Are you on the naughty or the nice list? Both.

Turkey, goose or vegetarian option? Turkey.

 

Christmas with Bonnie Fishburn

Christmas fun with Bonnie Fishburn

When do you hang your Christmas decorations?  About a week before Christmas.

When do you do your Christmas shopping? I pick things up all year as I see them and then have a mad panic a week or so before when I still need to find something for someone.

Do you do anything on Christmas Eve or have any family traditions? I try and meet up with friends for a few drinks.

What is your favourite part of Christmas dinner? I love food so all of it! But I particularly like sprouts with chestnuts, bread sauce and pigs in blankets.

Do you have any Christmas traditions? Eggs Royale for breakfast.

Is there anything you have asked for this Christmas? An indoor arena, horse walker and a gallop. If I got any of these I would be delighted but failing that a soup recipe book and a nice casual coat.

What is your horsey routine on Christmas Day? I get up early and ride a few before heading back to the house for a yummy breakfast and to open presents. Then we head to a lunch with family. Back to do the horses in the evening and then chill out in front of the television.

How do you spend Christmas day? With my mum and her husband’s family. They take it in turns to host the day.

Do you spend Christmas Day with family, how many people sit round the table? Yes, there are usually around 15 to 20 of us.

Do you treat yourself to a Christmas jumper, if yes then what design is on your jumper this year? I got one last year for the first time and it had an elf on it.

Do you go for a Christmas hack? Not really.

What do you do on Boxing Day? Go to the local hunt meet.

 Do your pets get Christmas presents? Of course, and they love opening them.

How will you spend New Year’s Eve? We are hosting a Murder Mystery dinner party this year.

What is your New Year’s Resolution? To get back eventing having missed half of last season having had baby Harriet.

Quick Fire Questions

Real or Fake Christmas tree? Real.

Christmas Pudding or another dessert? Another dessert.

Favourite Christmas Carol? Good King Wenceslas.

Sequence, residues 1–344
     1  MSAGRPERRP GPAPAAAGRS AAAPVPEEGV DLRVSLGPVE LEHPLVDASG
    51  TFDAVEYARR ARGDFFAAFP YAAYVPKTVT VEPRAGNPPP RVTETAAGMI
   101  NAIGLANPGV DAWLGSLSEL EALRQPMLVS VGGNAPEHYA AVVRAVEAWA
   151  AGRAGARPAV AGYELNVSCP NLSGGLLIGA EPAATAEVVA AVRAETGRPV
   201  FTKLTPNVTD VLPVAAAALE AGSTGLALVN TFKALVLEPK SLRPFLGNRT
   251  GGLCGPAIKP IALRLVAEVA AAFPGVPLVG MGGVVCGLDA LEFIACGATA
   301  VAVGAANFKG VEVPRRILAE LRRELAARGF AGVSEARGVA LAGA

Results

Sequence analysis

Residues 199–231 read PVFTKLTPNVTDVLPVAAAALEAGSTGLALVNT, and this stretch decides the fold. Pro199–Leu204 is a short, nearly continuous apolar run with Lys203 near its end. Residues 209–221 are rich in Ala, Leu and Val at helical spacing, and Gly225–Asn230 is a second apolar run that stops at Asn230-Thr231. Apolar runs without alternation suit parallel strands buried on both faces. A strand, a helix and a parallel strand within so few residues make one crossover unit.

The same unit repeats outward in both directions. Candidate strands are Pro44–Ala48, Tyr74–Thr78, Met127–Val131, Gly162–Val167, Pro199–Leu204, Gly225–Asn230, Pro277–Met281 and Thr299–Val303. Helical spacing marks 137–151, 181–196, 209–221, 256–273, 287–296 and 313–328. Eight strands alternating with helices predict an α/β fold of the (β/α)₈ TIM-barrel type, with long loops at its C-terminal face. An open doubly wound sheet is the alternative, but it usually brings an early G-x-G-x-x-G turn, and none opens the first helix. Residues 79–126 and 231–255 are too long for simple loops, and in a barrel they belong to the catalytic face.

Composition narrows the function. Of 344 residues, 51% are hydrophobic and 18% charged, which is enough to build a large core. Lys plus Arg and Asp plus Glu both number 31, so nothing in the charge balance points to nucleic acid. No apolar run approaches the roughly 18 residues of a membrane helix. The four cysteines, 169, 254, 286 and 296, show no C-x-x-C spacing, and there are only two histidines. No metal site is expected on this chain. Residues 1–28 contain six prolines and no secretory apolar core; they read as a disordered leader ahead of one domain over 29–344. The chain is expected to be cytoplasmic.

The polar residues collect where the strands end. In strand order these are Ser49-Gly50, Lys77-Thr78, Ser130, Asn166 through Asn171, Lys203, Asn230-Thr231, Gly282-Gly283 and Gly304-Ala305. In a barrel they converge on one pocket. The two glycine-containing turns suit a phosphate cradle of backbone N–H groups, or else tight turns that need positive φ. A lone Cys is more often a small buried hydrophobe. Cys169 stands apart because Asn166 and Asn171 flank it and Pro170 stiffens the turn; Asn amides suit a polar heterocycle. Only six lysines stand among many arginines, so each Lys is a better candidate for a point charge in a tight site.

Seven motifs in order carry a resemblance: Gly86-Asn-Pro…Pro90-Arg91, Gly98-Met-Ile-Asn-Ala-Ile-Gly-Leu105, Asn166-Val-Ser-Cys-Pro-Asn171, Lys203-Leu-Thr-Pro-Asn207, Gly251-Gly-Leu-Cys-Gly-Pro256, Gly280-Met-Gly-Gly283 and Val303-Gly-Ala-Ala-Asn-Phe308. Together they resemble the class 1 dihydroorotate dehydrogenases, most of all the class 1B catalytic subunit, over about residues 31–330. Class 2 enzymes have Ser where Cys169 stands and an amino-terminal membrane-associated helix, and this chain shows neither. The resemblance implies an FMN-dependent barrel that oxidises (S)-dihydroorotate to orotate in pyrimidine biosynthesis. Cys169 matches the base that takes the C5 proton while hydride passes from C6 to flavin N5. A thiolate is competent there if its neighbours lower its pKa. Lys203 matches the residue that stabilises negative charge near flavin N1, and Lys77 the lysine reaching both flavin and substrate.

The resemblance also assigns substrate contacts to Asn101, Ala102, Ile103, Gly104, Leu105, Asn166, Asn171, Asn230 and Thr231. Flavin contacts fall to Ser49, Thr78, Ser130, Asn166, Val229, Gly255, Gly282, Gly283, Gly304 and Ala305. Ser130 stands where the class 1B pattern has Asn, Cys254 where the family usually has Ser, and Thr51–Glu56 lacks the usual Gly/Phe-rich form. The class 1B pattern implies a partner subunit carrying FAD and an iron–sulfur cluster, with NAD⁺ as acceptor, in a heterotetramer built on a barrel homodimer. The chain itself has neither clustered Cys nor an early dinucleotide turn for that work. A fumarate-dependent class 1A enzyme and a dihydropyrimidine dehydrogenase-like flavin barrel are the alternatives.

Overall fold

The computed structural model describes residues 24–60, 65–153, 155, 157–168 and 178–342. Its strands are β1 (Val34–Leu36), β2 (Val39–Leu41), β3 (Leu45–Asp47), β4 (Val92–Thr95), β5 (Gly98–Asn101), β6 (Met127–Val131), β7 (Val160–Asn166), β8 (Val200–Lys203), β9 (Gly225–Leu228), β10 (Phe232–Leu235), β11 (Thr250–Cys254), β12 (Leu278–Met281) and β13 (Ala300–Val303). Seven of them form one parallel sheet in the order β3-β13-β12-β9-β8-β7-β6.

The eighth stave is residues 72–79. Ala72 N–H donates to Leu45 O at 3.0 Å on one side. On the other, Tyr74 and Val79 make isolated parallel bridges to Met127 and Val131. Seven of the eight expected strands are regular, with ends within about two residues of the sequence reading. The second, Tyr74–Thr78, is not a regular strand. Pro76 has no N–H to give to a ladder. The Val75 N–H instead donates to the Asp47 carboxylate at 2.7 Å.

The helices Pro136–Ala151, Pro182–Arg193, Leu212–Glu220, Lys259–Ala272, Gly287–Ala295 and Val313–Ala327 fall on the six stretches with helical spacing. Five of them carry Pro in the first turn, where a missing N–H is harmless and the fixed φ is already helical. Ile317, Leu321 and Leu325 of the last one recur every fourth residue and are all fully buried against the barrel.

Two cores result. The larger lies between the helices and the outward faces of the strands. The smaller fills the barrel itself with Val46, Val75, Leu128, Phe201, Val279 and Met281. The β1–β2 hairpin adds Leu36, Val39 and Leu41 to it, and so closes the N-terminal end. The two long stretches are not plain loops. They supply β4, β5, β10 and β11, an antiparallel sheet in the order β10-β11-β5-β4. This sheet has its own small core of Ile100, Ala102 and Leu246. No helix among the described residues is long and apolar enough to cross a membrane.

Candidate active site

Colour co-ordinated baubles or not? Colour co-ordinated.

Tinsel or no tinsel? No tinsel.

What part did you play in the school nativity? An Angel.

If you could kiss anyone under the mistletoe, who would it be? My husband of course but if he’s not available Elvis (Luke Pasqualino) out of Our Girl would do or Scott Eastwood.

Favourite Christmas film? Let It Snow or Love Actually, it’s a tough one!

Are you on the naughty or the nice list? NICE!

Turkey, goose or vegetarian option? Turkey.

Christmas with Alanna Clarke

Alanna Clarker Christmas graphic

When do you hang your Christmas decorations?

About a week before Christmas normally. My Gran comes to stay and we do them together.

When do you do your Christmas shopping?

Everything gets done in a panic a week before Christmas.

Do you do anything on Christmas Eve or have any family traditions?

We leave out Reindeer food and Father Christmas always has a Brandy left out for him, apparently its not that well known but that’s his favourite my Mum says!

What is your favourite part of Christmas dinner?

All of it!  Except the Brussel sprouts, yuk! It’s the only time of year I’m made to eat them and the worst thing about Christmas!

Do you have any Christmas traditions?

Opening presents before breakfast, I can never wait.

What is your horse expecting this Christmas?

Katrina my horse will be having some Equerry Minty Treats for Christmas. She never ate treats before we found these, and she can’t get enough of them.

Is there anything you have asked for this Christmas?

I would love a beautiful orange browband to match my orange matching set.

What is your horsey routine on Christmas Day?

It’s a normal day for the horses really, I think they like routine.

How do you spend Christmas Day?

Presents, breakfast, go to the yard, home to help cook dinner and watch some television, then back to settle the horses for the night and spend time with family.

Do you spend Christmas Day with family, how many people sit round the table?

Yes, I normally spend Christmas at home with Mum and Gran comes to stay, then I go to Dad’s for New Year.

Do you treat yourself to a Christmas jumper?

Haha, I don’t but last year Gran got me one with a cat wearing a Christmas hat!

 

Do you go for a Christmas hack?

No, we all have a day off.

What do you do on Boxing Day?

I like to check out if the Bloodhounds are out and go along.

Do your pets get Christmas presents?

No, they get spoilt all the time.

How will you spend New Year’s Eve?

I will be having a second Christmas with my Dad.

What is your New Year’s Resolution?

To get a six pack, I really need to work on my core.

Quick Fire Questions

Real or Fake Christmas tree? Fake.

Christmas Pudding or another dessert? Chocolate cake.

Favourite Christmas Carol? Ding Dong Merrily on High.

Colour Coordinated baubles or not? Whatever takes my fancy.

Tinsel or no tinsel? Tinsel.

What part did you play in the school nativity? The Angel Gabriel.

If you could kiss anyone under the mistletoe, who would it be? Jensen Ackles or Matthew Daddario.

Favourite Christmas film? Home Alone.

Are you on the naughty or the nice list? Ooohhhh I don’t know!

Turkey, goose or vegetarian option? Turkey!

Training for Leg Yield

When training on the flat, suppleness is a key element which should be carefully attended to and developed.  A useful exercise which can significantly help to improve suppleness is leg yield. It is the first lateral exercise that is introduced to a horse and involves working on two tracks.

Leg yield is the most basic of lateral movements and encourages looseness and flexibility across the whole of the horse’s body whilst ensuring that the rider uses the correct aids and leg positioning to influence the horse.